(This blog was adapted from resources created by Realized Worth. Want to learn more? Dig into further resources here on briefing and debriefing your corporate volunteers.)
The two most important tools for making the volunteering experience meaningful for members of your group are a good introduction to the activity, cause and organization and a good debrief. A volunteer experience can move from being a transactional event to a transformative experience for volunteers by employing these techniques.
During the brief, do these 4 things:
- Thank everyone for coming
- Explain why they’re there, and why that’s important
- Outline the logistics of the day
- Remind them that there will be a short debrief at the end of the event.
These 4 things are critical, whether you are working with a community partner, or doing a kit building or other activity without a community partner present. If you are working with a community partner, agree on elements of this briefing and who will do which part.
1. Thank everyone for coming.
This may seem like common sense, but expressing genuine gratitude for your volunteers is something that often gets lost in the activity. Let them know that no matter how much they accomplish at the activity, the act of “showing up” matters.
2. Explain why they’re there, and why that’s important.
Many volunteers will evaluate the activity based on their own personal productivity. If they got a lot done after the day is over, they will feel like it was a “good” event. If they didn’t accomplish anything, they are likely to feel frustrated.
Your job during the brief is to adjust their expectations. The activity is NOT about how much work is accomplished; rather, it is to communicate value to the community being served. Volunteering happens in places where people don’t have access to the help that they need; your employee volunteers are there to say, “We believe you are valuable and you are worth our time.”
Explain to your volunteers that the most important thing they will do at the event is give their time to the community. That day’s activities are not going to solve any long-term problems, but they will say, “You (or this cause) are worth my time.” Remind your volunteers: “The value of the people being served is not based on what they have or don’t have; what they do or don’t do – and neither is yours.”
3. Outline the logistics of the day.
Another part of helping volunteers feel comfortable is making sure they know the basics of where to go and what to do at an event. Take a moment to point out who’s in charge and welcome volunteers to approach those people with questions.
Point out other important information. For example:
- Where to pick up tools
- Where lunch and/or snacks will be located
- What time the event is scheduled to end
- Where the restrooms are
- Where the 1st aid kit is and review health and safety items
4. Remind them that there will be a short debrief after the event.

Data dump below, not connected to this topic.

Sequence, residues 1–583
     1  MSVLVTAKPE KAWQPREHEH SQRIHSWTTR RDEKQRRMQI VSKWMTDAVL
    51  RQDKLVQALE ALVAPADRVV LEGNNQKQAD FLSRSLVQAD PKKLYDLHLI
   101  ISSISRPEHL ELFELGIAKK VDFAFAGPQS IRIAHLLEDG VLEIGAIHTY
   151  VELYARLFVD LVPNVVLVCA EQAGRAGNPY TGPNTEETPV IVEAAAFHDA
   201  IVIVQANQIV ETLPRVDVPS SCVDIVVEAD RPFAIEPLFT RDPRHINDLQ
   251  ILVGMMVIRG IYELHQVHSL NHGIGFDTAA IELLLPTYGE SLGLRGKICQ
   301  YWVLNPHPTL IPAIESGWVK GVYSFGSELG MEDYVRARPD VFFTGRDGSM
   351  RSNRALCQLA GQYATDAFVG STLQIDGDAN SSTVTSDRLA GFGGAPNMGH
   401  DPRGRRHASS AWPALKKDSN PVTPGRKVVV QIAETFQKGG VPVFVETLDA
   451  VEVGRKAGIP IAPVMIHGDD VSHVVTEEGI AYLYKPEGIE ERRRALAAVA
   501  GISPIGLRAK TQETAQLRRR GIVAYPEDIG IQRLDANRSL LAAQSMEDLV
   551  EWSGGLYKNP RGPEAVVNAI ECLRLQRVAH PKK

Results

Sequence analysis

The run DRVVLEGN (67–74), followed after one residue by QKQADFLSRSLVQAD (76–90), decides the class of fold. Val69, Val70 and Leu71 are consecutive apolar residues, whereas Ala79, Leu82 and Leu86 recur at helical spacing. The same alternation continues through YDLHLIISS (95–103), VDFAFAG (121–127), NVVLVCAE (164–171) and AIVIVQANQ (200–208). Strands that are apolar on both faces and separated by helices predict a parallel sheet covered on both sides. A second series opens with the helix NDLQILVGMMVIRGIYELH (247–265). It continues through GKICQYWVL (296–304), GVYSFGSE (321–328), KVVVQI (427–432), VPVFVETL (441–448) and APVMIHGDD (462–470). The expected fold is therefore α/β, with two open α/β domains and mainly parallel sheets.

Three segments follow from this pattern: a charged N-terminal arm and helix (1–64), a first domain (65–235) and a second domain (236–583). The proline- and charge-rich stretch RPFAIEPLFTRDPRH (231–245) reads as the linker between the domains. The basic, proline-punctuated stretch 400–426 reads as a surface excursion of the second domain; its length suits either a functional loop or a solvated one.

Volunteers will need a reminder at the end of the event to take time to reflect and consider how their volunteering experience affected them. Let them know during the brief that you would like them to gather for 10 minutes after the volunteering activities are over to do a group debrief. Tell them where you would like them to gather. It is likely that some people will need to leave early to attend to other obligations. Ask those people to check in with you before they go and try to debrief with them.
Tips for a powerful debrief
Meaningful reflection (the kind that motivates change) is not always natural or easy. Your volunteers have put their time in; they have completed the task; and now they have to get going. Here’s a quick and easy method that provides a safe space for people to reflect:
Bring people together in an informal huddle for 5-10 minutes and ask them the following 2 questions:
- What did you experience today?
- Was it what you expected?
The goal of transformative volunteering is to create the space for the individual volunteer to experience an epiphany. All too often, volunteering can seem disconnected from the cause. After all – someone has to pack those boxes, sort those receipts or cut those carrots. Framing the experience before one of these seemingly mundane tasks will connect the volunteer to the greater purpose, the bigger picture, the grander context. And reflecting on it afterwards enables the individual to make sense of what just happened. These elements are absolutely critical in creating a lasting impact within the individual. Only a few people will offer their reflections. A conversation may even occur. But even those people who choose not to share have been ignited to consider their experience. In any of these people, it is likely to change the way the think about the activity and themselves, possibly their conversations at home or with friends, and how they choose to act in the future as a member of their community.